Bravo to Nancy Pelosi for taking impeachment off the table for now. She is a strategic thinker who understands the importance of timing, mass moods, and what it will take to defeat Trump. She’s no small circle thinker nor someone who throws Trump and gang softballs to hit out of the ballpark. Her aim is to win the war, and not just a battle here and there. The new freshman class wouldn’t do themselves any political harm if they observed how she carries herself in what is a very turbulent time.
We should not assist Trump in his effort to turn next year’s election into a referendum on socialism. To do so is a fool’s errand. Thumping Trump and robust reforms — health care, climate, voting rights, jobs and higher wages, immigration, gun violence, and much more — should frame the agenda and constitute the main talking points now and next year. That doesn’t mean pushing the mute button on socialism, but it does mean that it shouldn’t command center stage.
Today’s Democratic Party will be a little fractious, but I don’t worry much about that. It’s inevitable, especially with the recent influx of new members who come from diverse backgrounds, experiences, and political traditions. And in most instances it is a positive thing, especially when Democratic legislators and the larger coalition resisting Trump keep in mind that the main — the strategic — task facing them is to thump Trump next year. From my experience in a much smaller pond, keeping a lid on things may succeed for a while, but will come back to bit you in the longer run.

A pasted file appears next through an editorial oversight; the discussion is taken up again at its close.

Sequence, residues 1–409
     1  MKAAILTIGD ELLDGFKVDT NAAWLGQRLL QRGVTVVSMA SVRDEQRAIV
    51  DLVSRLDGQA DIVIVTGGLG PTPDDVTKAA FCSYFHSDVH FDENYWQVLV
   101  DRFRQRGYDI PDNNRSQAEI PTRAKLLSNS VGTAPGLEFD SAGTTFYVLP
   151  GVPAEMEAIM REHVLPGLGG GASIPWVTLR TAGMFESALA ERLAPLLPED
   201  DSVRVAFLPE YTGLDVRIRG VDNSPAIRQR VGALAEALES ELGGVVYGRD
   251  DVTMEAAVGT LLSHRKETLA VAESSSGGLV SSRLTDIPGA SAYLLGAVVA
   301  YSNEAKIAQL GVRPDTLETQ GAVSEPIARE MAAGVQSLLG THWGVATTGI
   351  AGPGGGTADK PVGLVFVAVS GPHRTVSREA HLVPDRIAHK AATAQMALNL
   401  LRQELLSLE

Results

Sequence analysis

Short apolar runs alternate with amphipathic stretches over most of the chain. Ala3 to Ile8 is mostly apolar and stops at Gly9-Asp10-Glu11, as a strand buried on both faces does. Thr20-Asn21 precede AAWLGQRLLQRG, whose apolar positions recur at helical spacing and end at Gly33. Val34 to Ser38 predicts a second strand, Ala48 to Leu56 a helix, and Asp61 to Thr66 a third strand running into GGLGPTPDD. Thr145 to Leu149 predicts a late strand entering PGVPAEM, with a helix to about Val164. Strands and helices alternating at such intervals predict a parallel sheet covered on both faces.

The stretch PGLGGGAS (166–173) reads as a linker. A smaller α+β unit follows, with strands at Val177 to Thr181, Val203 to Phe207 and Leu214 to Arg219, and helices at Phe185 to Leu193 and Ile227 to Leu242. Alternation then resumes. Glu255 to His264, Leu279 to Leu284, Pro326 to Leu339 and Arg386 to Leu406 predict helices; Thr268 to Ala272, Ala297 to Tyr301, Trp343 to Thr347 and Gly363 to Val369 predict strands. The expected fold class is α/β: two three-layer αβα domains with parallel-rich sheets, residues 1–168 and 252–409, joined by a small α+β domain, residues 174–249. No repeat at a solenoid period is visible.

Oscar Wilde once wrote, “The truth is rarely pure and never simple.” Didn’t always embrace this notion, but do now. And, actually, have for a while. I’m much more suspicious of theories and practical actions that rest only on abstractions, generalities, and timeless assertions.
Democratic candidates in the presidential primary should make clear that there is no longer any ground for bipartisanship in Washington. The grounds for such a policy disappeared when the Republican Party was taken over by right wing extremists with a big assist from their corporate and billionaire backers years ago. In their understanding of political governance, there is no room for compromise. Win at any cost and take no prisoners are their guiding strategy when in power. Or, in the event that they find themselves in the minority, obstruct the legislative process, make government dysfunctional, and blame the other side for the dysfunction and obstruction. What is more, don’t give your enemy on the Democratic side of the aisle or in the White House even the semblance of a victory.
What is the takeaway from this for Democratic aspirants for the presidency? Talk straight to the people. Don’t create illusions about some non-existent ground for bi[partisan solutions to today’s social problems. Make the case for an election outcome that not only lands you in the White House, but secures Democratic control of Congress by a wide majority as well. It also doesn’t hurt to remind voters that President’s Roosevelt and Johnson enjoyed such congressional majorities and were thus able to forcefully address the problems and crises of their time.